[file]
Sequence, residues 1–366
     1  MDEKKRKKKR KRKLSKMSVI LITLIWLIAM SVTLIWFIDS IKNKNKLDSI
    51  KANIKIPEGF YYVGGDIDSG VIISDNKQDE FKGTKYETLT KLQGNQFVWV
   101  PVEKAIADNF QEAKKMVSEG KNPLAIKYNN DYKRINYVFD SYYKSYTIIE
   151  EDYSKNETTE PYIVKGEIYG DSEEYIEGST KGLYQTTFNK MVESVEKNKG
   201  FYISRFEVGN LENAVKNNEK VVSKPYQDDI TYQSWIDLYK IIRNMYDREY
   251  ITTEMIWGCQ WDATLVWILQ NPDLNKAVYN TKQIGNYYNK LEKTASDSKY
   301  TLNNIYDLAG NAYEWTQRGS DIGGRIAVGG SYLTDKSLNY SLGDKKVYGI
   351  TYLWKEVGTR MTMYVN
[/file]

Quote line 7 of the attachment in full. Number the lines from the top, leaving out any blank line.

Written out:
   251  ITTEMIWGCQ WDATLVWILQ NPDLNKAVYN TKQIGNYYNK LEKTASDSKY